I like to tell people I was made in Morocco and assembled in Canada. My parents, Robert and Celia Berdugo, were very observant Sephardic newcomers to Canada in 1964. When I was born the following year, Sephardim were not yet particularly well-received in the established Ashkenazic community here, and so my father helped raise money to build their own congregation, Magen David.
During my youth, the Jewish community provided a great deal for me: I attended both Associated Hebrew School and Camp Northland on subsidy and spent almost every day after school at the JCC, since my parents were working. By my early twenties, I began to feel the need to give back. Missing my dad, who had died when I was twenty-two, I volunteered to be a Big Brother, and soon after, became involved in UJA. I co-chaired first the Young Adult Division, then the Young Executives and Professional Division, and finally, the Sephardic Division. I’ve also been a board member of the Reena Foundation for many years.
To me, philanthropy is not an abstract concept. The parents of my generation were charitable, and I was the beneficiary. And now, to realize some of my dreams for our current community, such as access to a Jewish education for every child, and elimination of below-the-poverty-line existence for twenty percent of our members, it is my chosen obligation to lead by example. One small step I have taken toward accomplishing that goal is the establishment of a fund at the Jewish Foundation.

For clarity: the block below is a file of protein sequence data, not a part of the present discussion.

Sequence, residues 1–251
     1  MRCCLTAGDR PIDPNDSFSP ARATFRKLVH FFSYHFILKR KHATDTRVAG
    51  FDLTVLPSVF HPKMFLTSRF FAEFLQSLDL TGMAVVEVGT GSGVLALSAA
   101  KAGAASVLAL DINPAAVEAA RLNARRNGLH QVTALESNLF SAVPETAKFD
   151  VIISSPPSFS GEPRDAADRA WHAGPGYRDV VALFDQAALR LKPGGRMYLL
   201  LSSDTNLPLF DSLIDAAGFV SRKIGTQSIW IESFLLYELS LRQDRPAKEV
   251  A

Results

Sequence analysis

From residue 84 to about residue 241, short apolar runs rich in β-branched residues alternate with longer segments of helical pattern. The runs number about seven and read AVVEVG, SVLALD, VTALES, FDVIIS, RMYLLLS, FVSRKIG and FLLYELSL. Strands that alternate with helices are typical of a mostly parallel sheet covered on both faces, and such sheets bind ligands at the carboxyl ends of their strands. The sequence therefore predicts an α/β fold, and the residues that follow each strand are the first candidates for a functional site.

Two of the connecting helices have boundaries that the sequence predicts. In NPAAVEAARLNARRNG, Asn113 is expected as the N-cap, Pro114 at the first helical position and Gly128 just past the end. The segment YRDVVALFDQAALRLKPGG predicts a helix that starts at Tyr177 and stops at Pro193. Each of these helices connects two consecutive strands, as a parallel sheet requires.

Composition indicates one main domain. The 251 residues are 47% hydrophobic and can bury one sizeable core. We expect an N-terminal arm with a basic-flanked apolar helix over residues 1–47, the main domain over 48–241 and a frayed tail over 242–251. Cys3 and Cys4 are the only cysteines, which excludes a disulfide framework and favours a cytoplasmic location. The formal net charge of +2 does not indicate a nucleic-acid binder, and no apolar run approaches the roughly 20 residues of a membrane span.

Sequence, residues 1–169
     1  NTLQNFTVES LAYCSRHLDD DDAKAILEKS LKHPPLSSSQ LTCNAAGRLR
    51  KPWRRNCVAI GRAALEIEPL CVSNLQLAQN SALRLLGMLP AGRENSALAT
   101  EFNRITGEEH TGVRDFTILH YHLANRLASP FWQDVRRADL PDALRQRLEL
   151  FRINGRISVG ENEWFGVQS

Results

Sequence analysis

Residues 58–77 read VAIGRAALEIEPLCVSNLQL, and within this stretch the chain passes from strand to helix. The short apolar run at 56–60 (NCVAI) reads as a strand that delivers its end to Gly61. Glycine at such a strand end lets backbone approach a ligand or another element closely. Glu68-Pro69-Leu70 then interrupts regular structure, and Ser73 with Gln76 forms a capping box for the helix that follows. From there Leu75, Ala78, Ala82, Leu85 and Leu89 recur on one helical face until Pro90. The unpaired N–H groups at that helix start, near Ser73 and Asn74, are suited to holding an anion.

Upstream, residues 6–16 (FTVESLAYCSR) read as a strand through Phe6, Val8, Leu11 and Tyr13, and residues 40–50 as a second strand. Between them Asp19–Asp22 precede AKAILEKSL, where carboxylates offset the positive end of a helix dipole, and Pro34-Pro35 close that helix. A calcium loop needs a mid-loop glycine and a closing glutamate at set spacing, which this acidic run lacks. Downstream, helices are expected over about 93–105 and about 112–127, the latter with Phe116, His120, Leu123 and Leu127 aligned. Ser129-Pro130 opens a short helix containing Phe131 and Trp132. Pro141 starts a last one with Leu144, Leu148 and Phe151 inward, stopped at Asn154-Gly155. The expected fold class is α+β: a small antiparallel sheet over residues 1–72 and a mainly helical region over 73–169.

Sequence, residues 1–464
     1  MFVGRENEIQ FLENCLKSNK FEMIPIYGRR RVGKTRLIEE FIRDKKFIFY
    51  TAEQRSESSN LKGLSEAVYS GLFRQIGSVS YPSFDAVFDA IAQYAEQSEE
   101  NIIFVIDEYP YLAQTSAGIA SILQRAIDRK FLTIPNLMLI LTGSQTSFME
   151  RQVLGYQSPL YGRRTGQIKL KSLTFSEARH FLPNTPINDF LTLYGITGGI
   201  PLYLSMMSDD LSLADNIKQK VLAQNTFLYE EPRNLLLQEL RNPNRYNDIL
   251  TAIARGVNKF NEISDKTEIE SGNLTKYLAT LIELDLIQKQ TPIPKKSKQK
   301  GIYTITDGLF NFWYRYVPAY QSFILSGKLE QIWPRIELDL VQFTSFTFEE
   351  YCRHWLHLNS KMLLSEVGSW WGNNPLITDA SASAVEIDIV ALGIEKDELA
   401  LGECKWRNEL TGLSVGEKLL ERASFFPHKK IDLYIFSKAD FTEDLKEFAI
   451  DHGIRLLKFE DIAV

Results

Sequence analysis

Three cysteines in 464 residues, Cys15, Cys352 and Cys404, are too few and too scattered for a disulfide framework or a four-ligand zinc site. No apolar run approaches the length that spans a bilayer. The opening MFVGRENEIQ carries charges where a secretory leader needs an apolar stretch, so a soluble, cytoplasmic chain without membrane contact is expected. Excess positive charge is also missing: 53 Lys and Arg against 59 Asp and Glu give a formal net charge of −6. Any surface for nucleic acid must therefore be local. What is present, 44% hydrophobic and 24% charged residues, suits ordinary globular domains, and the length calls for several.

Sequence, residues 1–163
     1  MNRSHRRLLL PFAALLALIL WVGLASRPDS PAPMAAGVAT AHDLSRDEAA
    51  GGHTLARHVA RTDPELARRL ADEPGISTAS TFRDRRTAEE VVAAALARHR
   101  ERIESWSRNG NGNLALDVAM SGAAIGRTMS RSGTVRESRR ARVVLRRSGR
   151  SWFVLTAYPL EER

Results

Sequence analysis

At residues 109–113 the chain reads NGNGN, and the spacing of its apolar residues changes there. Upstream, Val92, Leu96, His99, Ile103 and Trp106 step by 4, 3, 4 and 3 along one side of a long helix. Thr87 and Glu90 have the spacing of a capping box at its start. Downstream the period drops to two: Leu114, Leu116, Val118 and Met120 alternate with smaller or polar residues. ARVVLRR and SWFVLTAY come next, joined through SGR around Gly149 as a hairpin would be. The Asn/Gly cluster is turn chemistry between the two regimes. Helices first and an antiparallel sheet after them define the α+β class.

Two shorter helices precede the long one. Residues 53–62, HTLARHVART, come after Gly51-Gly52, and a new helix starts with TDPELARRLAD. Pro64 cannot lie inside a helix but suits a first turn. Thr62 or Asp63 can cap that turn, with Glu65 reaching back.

There are so many sparks that ignite my involvement. My devotion to the Reena Foundation stems from the blessing of two healthy, active, teenage daughters, Jayden and Jessi, whose strong sense of Jewish identity, of chesed and tikkun olam, makes me so proud. My participation in and support of the Wexner Foundation, with its emphasis on strengthening Jewish identity and engagement through the development of strong Jewish leadership, is bolstered by first-hand knowledge of UJA and Federation programming, as well as the birds-eye view of the fight to combat anti-Semitism that my wife, Ivana, shares with me in her role as social media consultant. I am inspired by the example set by my mother, still a pillar of the Sephardic community, and my best friend, my sister, Karen, both of whom have maintained the important Shabbat traditions that continue to bind our family and help us “walk the walk” of a Jewish life.
Finally, I am motivated to pay forward to the next generation the many gifts I have received, because I consider myself fundamentally a product of our community. I am living proof of a system that works.